Asset Catalogues

Most applications allow for users to upload files or media of some sort. Cataloguing, storing and providing access to this media is a chore and is prone to a whole range of security vulnerabilities. It's not uncommon to find developers dumping uploaded files into a folder that is publically accessible just to allow administrators to download the files.

In addition storage can quickly become a burden and switching to something like S3 is not a simple migration.

Asset Catalogue providers turn these challenges into a simple, secure and flexible pattern. Rolling out asset storage becomes a few lines of code that 'just work'.

Basic concepts


When planning out your asset storage you should decide on category names for the content. Category names are arbitrary but should be unique within your application. Each category represents a set of similar files. For example "avatars" or "backups".


Each category is mapped to a particular AssetCatalogueProvider. You can use one of a number of Rhubarb providers or make your own. The provide is responsible for moving the asset in and out of a particular storage medium, whether that be a database, S3, or local files.


An asset class is a representation of an asset and allows you to save, stream or, if allowed, return a public URL for the asset.

Asset Tokens

Assets contain a token which encodes the category, provider and any data the provider needs to locate the asset. The tokens can be viewed as permanent representations of asset locations and even if the application remaps a category to a new provider, the asset should still be recoverable using the token.

The token is the value which should be retained and stored by your application


If you're not familiar with streams, and in particular PHP streams, you will get better performance from handling large files if you learn a little bit about them.

Setting up asset catalogues

A LocalStorageAssetCatalogueProvider is provided with the main Rhubarb project and we'll use this in the following examples.

To setup a provider you need to register a provider for a given category. The best place to do this is in your main Application initialise() function:

class MyApplication extends Application
    protected function initialise()


The category name is optional. If you don't provide one the provider will be treated as the default provider for all unmapped categories.

Providers are registered only with a class name. As asset tokens carry just the name of the provider needed to fetch an asset, it is important that providers don't have parameters that are easy to change.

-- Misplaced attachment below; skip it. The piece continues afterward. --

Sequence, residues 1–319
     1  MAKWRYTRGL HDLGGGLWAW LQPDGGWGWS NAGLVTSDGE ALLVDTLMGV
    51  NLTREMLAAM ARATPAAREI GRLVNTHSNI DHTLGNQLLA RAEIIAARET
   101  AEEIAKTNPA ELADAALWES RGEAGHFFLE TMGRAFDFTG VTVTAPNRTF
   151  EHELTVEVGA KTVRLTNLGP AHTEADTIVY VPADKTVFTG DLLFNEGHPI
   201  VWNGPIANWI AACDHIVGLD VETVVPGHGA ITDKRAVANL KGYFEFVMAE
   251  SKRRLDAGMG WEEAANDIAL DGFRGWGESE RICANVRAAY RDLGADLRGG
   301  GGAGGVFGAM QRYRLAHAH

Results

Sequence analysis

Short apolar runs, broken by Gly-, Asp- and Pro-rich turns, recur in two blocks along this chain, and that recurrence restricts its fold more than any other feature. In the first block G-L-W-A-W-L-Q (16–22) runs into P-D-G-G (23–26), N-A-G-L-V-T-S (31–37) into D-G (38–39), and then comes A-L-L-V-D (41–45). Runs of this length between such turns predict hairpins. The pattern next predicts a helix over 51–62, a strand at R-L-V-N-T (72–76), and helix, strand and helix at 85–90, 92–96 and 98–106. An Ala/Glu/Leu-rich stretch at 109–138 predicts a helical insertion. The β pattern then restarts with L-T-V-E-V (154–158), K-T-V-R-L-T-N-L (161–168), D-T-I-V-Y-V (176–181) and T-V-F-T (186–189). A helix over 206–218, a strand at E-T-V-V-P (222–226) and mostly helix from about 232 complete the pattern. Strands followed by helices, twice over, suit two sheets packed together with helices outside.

Where a provider does have settings that need configured these are usually handled via Settings objects.

class MyApplication extends Application
     protected function initialise()

         // Set the top level storage directory for local storage.
         $settings = LocalStorageAssetCatalogueProviderSettings::singleton();
         $settings->storageRootPath = __DIR__."/../data/";


Each provider class can be seen as a repository of asset storage for a range of asset categories. While you need to map each category to that provider it's important to realise there is just one instance of the provider handling storage and retrieval of the assets. How it chooses to store them isn't a detail you need to worry about.

An application can have several providers registered at any one time for different asset categories.

Storing an asset

To store an asset you should not use the asset providers directly. Instead use the static storeAsset function on the abstract AssetCatalogueProvider class passing the file path and category of the asset needing stored.

$asset = AssetCatalogueProvider::storeAsset($uploadedFile, 'avatars');

This returns an Asset object containing a token which will need stored in your main application data.

Assets contain the following public properties:

The name of the original asset file
The length of the original asset in bytes
The mime type of the original asset
$token = $asset->getToken();
// Store this token for future retrieval.

Tokens are in fact JWT tokens and can be between 200 and 300 characters long depending on what data the provider is storing in them.

Retrieving an asset

If you have a token and want to use the stored asset you call the static function getAsset() on AssetCatalogueProvider:

$asset = AssetCatalogueProvider::getAsset($token);

Here $asset is the same Asset object we had in the previous example.

Using an asset

Writing to file

Use the writeToFile() function to create a local file from the asset:


writeToFile() uses streams so is memory efficient even with very large files.

Getting a stream

For custom stream operations simply call getStream(). For example if assets are stored in S3 containers the most efficient way to fetch and transmit them to the client is via streaming. Otherwise for large files you will quickly exhaust available memory. Additionally if you download the whole asset first the connection will appear to 'hang' during the download phase before the server starts 'uploading' to the client. It follows also that overall transfer speed will be much slower. Here's an example of streaming straight from source to the client:

$streamHandle = $asset->getStream();